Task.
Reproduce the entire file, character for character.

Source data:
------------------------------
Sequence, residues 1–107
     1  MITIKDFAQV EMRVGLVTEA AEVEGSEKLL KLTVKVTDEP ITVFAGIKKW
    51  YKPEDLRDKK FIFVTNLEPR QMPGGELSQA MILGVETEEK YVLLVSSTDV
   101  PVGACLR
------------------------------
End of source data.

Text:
Sequence, residues 1–107
     1  MITIKDFAQV EMRVGLVTEA AEVEGSEKLL KLTVKVTDEP ITVFAGIKKW
    51  YKPEDLRDKK FIFVTNLEPR QMPGGELSQA MILGVETEEK YVLLVSSTDV
   101  PVGACLR